Poker is like living in a Monte Carlo simulation.

There aren’t many places like poker where you can really EXPERIENCE probabilities in an environment with a fast, tight feedback loop and the same situations playing out over and over again.

Seeing Theory is a website and textbook-in-progress, created by Daniel Kunin and colleagues, that offers such an environment. It includes a series of interactive visualizations designed to make statistical concepts more accessible.

It’s like giving you the equivalent of years at the poker table.

What is expectancy? Or variance? Or conditional probability?

Seeing Theory explains those (and other) concepts and gives you a chance to actually run simulations to develop a feeling for what those things really mean. Visualizing is a tool that makes those concepts more concrete.

Pulling back that curtain can help us become better decision makers.

How many flips does it take for a coin to land exactly 50%-heads, 50%-tails? By actually running this, you can see what happens if you flip a coin 10 times, or 100, or 1,000.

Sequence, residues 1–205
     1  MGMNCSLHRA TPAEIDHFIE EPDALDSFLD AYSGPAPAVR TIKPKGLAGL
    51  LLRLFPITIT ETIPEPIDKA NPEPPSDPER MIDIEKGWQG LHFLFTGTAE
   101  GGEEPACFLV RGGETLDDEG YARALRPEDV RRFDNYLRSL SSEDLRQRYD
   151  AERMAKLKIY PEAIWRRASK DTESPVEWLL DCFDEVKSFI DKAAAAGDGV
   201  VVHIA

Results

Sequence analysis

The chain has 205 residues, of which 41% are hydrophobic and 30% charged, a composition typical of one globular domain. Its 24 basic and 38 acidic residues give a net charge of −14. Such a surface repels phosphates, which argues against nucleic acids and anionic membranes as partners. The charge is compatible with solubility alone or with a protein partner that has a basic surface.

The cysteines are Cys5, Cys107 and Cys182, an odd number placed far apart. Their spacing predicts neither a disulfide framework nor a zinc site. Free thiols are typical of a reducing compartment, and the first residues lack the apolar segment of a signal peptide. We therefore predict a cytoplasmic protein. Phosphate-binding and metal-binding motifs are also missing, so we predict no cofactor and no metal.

As one example, the site offers you the opportunity to roll a 6-sided die numerous times to watch the running mean converge on the expectation.

The average roll would be 3.5, but this time through, after 75 rolls, the mean dropped below the expectation. It took until roll 1,199 for the mean to reach 3.5.

Unless you’re playing poker, it’s difficult to visualize such things. Seeing Theory makes it easier. You should really check it out and play with the tools.


The Hering Illusion, thanks to Michael Bach’s website

Michael Bach’s website, “134 Visual Phenomena & Optical Illusions,” is a wonderful collection with explanations, variations, historical backgrounds, and interactive tools to peek behind the illusions. In this one, you can click to make the oblique lines disappear, leaving just the parallel red lines.